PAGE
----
Composition, time of introduction and spatial-temporal distribution of naturalized plants in east China.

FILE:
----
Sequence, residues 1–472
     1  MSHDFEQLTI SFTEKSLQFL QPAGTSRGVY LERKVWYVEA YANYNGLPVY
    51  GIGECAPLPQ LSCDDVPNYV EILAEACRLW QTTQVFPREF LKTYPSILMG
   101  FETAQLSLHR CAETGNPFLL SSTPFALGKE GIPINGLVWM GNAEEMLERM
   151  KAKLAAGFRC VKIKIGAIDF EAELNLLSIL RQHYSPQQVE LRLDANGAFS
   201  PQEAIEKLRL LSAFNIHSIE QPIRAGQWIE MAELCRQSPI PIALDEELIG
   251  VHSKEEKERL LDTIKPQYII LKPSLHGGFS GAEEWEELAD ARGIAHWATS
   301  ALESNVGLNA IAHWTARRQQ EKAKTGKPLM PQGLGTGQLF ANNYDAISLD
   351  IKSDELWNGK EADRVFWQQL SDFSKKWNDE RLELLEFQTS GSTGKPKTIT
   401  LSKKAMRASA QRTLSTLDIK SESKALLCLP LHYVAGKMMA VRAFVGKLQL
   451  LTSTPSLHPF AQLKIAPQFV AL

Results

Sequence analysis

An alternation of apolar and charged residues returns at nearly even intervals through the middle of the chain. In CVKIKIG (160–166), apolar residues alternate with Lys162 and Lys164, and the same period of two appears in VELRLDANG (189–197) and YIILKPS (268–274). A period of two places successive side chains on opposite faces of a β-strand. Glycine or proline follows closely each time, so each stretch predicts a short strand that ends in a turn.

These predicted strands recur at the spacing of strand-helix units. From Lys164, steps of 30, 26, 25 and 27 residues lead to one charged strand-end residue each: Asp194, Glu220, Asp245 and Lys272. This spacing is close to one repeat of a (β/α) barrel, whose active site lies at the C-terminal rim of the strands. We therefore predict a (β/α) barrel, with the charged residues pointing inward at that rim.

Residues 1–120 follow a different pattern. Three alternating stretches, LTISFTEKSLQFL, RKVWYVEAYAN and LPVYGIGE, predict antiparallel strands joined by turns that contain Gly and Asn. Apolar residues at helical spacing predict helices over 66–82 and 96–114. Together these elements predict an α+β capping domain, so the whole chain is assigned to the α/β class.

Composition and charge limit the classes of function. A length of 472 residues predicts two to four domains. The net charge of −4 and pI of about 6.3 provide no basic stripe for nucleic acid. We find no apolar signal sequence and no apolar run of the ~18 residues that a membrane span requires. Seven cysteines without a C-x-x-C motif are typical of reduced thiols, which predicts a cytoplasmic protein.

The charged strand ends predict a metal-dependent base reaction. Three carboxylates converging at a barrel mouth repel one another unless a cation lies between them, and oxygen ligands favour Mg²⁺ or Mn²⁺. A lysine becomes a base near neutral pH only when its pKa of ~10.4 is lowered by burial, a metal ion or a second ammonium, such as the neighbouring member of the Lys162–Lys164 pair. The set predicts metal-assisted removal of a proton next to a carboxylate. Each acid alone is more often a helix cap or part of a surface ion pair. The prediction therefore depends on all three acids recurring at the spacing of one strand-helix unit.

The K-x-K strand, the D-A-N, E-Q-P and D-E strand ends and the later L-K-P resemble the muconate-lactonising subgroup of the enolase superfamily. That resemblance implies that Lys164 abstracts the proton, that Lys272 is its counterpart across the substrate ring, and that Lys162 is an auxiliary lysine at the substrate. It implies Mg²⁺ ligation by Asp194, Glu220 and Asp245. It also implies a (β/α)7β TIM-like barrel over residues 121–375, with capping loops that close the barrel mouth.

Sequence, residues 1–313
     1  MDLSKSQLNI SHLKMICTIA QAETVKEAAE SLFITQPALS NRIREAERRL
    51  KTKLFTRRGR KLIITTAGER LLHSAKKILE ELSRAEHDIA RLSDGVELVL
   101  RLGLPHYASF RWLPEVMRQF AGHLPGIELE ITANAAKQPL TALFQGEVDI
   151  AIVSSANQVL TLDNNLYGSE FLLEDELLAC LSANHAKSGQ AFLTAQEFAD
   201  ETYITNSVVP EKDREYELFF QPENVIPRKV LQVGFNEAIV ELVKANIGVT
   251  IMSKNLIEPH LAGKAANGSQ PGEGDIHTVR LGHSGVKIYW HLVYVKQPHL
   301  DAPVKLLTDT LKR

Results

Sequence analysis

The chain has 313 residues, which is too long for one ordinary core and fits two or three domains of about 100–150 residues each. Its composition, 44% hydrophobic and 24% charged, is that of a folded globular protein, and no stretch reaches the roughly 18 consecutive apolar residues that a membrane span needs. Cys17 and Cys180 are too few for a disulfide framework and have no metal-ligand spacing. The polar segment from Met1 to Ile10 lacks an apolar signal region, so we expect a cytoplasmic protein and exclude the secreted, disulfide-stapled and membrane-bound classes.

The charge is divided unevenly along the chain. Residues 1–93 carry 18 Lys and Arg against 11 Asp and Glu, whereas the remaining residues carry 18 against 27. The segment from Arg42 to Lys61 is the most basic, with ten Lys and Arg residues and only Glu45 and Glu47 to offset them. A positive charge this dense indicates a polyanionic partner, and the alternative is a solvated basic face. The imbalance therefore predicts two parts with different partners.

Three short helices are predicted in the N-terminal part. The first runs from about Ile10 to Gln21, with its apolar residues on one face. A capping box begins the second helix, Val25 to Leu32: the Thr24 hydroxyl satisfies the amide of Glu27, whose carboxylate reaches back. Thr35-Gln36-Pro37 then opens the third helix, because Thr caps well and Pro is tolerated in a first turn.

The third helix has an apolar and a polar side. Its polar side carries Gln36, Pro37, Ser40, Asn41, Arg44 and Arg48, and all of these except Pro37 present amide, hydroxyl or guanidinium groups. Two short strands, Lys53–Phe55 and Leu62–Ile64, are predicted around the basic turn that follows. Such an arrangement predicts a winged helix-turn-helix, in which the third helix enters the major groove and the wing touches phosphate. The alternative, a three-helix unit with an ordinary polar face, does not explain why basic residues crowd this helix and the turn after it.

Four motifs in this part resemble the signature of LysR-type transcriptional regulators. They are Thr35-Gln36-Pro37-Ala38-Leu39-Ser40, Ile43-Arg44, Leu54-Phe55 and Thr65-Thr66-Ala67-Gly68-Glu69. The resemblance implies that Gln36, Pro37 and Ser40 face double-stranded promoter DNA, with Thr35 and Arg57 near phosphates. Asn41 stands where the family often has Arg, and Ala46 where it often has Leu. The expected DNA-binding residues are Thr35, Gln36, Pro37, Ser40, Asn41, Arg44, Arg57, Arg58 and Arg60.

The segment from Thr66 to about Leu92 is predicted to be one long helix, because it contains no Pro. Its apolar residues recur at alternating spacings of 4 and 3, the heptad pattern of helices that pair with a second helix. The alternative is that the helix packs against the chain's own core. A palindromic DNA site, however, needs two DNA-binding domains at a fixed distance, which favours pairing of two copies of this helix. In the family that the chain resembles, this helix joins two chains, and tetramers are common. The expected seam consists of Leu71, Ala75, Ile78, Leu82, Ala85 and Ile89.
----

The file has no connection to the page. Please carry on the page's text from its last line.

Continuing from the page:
Background: Naturalization is the pre-invasion stage. Detailed research on naturalized plants is a fundamental first step for scientific management of alien species. This research is necessary for predicting and hence preventing such invasion caused by alien plants. Regional studies of naturalized plants are important for local governments to manage and control of such plants. As an important area for foreign exchanges, East China is facing pressures from imported alien plants being naturalized and then invading. This study aims to enrich the basic information about naturalized plants of East China, discussed the current deficiencies in the study of naturalized plants, and summarized the direction of future research. Methods: We conducted a comprehensive survey of naturalized plants in East China (Anhui, Fujian, Jiangsu, Jiangxi, Shandong, Shanghai and Zhejiang provinces) from 2014 to 2019 using literature reports, specimen information, and taxonomic research. We analyzed the species composition and distribution pattern of naturalized plants in East China and conducted a comprehensive analysis of their first detected locations, introduced route, and the time when species were discovered. Results: We found that 299 species belonging to 181 genera and 62 families were naturalized in East China. The four most dominant families were Compositae (49 species), Leguminosae (35 species), Gramineae (28 species) and Amaranthaceae (25 species). The four most dominant genera were Amaranthus (16 species), Euphorbia(10 species), Ipomoea (9 species) and Solanum (9 species). There was a large diversity in species identified as naturalized, with a high proportion of plants coming from the Americas, and concentration in introduction routes. The Americas are the primary geographical origin of naturalized alien plant species, with more species originating from North America rather than South America. The route of introduction analysis revealed that 143 naturalized plant species were introduced unintentionally due to human activity and 156 species were introduced intentionally. Ninety-five frequencies were introduced as ornamental plants, which take up 55.2% of all the frequencies introduced intentionally. This suggests that introductions of plants for the purpose of ornamental use is the most common way for species naturalization to occur. A comparative study of the first detected locations show that the largest number of naturalized species were firstly introduced to South China (84 species) which mostly went to the Guangdong Province (33 species) and Hong Kong District (33 species). This was followed by East China (74 species), the Taiwan Province (72 species), Southwest China (19 species, mainly from Yunnan), Northeast China (15 species, mainly from Liaoning), Northwest China (14 species, mainly from Xinjiang) and North China (14 species, mainly from Beijing). There were only two naturalized species found in Central China. Jiangsu, Fujian and Zhejiang provinces were the main importing areas for East China. This may be due to many factors such as international communication, population density, climate similarity, disturbance levels, biological characteristics unique to species and investigation degree. Spatially, the species diversity of the Fujian Province (236 species) is significantly higher than that of other provinces, but little difference has been detected among other provinces. There are 57 species that are only distributed in Fujian (19.1%), which is the most when compared with other provinces. The amount of foreign exchange and climate similarity between native habitat and naturalized place may be the primary driver of current diversity and distribution pattern. Historically, the naturalized plants in East China showed an exponential growth trend after 1850. The growth rate is 1.5 species per year, and is currently in a period of rapid growth. In the 21st century, more than 80% of naturalized plants have been unintentionally introduced. Therefore, special attention should be placed on preventing the introduction of unintentional species. Proposal: Constructing an effective risk assessment system of alien plants based on an accurate and complete database of naturalized plants is one effective way to eliminate the risk of invasions from alien plant species.